If you’re going to occasionally drive it, you might want to detune a few things–the clutch, for example. A race clutch can be rather uncomfortable on the street and might not last too long. Race tires and brakes also belong on the track, not the street. 

Want to own an old race car but don’t actually want to race it? You can just show it, too, and be the hero in a slightly less intense arena. Photography Credit: David S. Wallens

Will the engine be happy around town, or is the cam better suited for north of 6000 rpm? Consider swapping cams or just fitting a milder engine for now. 

Of course, you have to make your car street-legal, meaning registration and insurance. For a mild MGB vintage racer, that’s pretty easy. For a 1990s tube-frame Trans-Am car, good luck.

Do You Make It Your Own?

Most of our discussion has centered around buying a complete car and generally leaving it as is. You may want to do more–maybe change the livery, make the car more aggressive, or even transform a back-runner into a winner. That’s all up to you, but don’t expect to get any of your money back.

[Project Car: 1965 Ford Mustang Fastback]

And if racing’s in the car’s future, keep checking those rules as you make changes.

Vintage Racing Groups

Vintage racing doesn’t fall under one blanket organization for the entire country. Some groups sanction events from coast to coast, while others are more regional in nature. And with each turf comes a unique vibe, mission statement and rule book–and one group’s regulations can allow cars prohibited by another’s. 

Classic Sports Racing Group
Region: Northern California 
Cars: Older formula cars plus production-based cars usually through 1990.

Corinthian Vintage Auto Racing
Region: Texas, Oklahoma
Cars: Most classes cut off at 1973. CVAR also hosts a Spec Sprite class for 1962-’74 Spridgets.

Heartland Vintage Racing
Region: Kansas, the Ozarks
Cars: Generally speaking, production cars through 1974 and formula cars up to 1980.

Historic Sportscar Racing
Region: Mostly East Coast marquee tracks–think Daytona, Sebring, Road Atlanta and Watkins Glen–but now also the Rolex Monterey Motorsports Reunion.
Cars: From the ’50s up through modern times.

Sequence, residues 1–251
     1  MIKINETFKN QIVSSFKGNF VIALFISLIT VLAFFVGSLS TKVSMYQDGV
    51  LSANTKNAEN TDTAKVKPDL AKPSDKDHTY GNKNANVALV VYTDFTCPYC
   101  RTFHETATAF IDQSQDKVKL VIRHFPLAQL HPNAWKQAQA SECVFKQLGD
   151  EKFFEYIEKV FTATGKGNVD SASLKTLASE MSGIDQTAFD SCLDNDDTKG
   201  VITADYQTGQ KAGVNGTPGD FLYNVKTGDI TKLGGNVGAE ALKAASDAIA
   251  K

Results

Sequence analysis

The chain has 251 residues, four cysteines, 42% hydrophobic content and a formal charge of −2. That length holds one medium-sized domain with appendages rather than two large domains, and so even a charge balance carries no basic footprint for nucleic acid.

Midwestern Council of Sports Car Clubs
Region: Midwest
Cars: Pre-1974 race cars.

Pittsburgh Vintage Grand Prix Association
Region: Pittsburgh, Pennsylvania
Cars: Generally through the mid-’70s, although some cars can be only 20 years old. 

Put-in-Bay Road Race Heritage Society
Region: Put-in-Bay, Ohio
Cars: Small-bore and formula cars built through 1972 plus Japanese cars through 1990.

Rocky Mountain Vintage Racing
Region: Colorado
Cars: Depending on class, the cutoff dates are generally 1972 and 1981.

Society of Vintage Racing Enthusiasts
Region: Pacific Northwest
Cars: Generally at least 25 years old.

Southwest Motorsport
Region: Sandia Speedway in Albuquerque, New Mexico
Cars: Vintage and modern.

Sports Car Club of America
Region: Coast to coast.
Cars: Older cars still have a home in the Production and Improved Touring ranks. 

Sportscar Vintage Racing Association
Regions: The entire U.S., including famed tracks like Sebring, Road America, Lime Rock Park, Indianapolis, Watkins Glen and WeatherTech Raceway Laguna Seca. 
Cars: From the ’50s up through those raced five years ago.

Vintage Auto Racing Association
Region: Mostly California plus the new track in Casa Grande, Arizona
Cars: Usually those built through the ’70s.

Vintage Automobile Racing Association of Canada
Region: Eastern Canada
Cars: In some cases, all the way through 1997.

Vintage Drivers Club of America
Region: Southeastern U.S.
Cars: Mostly through 1972 plus some SCCA cars through 1997.

Vintage Racer Group
Region: East Coast, Mid-Atlantic
Cars: Production cars through 1989 or, in some cases, through 1993.

Vintage Racing Club of BC
Region: Mission Raceway Park in British Columbia
Cars: Through 1997 for some cars. 

Vintage Sports Car Drivers Association
Region: Great Lakes
Cars: Eligibility has been expanded through 1997.

Vintage Sports Car Club of America
Region: Races and hillclimbs across the Northeast 
Cars: Depending on the make and model, the cutoff is likely to be 1959 or 1965.

Vintage Sports Car Racing
Region: Upper Midwest, with races usually in Brainerd, Minnesota 
Cars: Through the end of 1989 plus continuation models that are essentially unchanged. 

Meet the VMC

The Vintage Motorsports Council acts as a coordinating body for the various North American clubs. The VMC also issues a license that most clubs will honor.

Formula Car Rules

When it comes to single-seat cars, many clubs simply follow the rules and regulations penned by Monoposto Racing. This group works to preserve the formula cars of yesteryear and has rules written for practically all single-seaters, from pre-1966 Formula 1 cars to ’70s-era club racing machines.

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More like this
mcloud New Reader
5/2/23 11:23 a.m.

ALSO:  HRG, the Historic Racing Group,

Colin Wood
Colin Wood Associate Editor
5/2/23 11:45 a.m.

In reply to mcloud :

Thank you for the addition!

sir_mike Reader
10/6/23 9:26 a.m.

Would love to have a period  ''B'' sedan race car.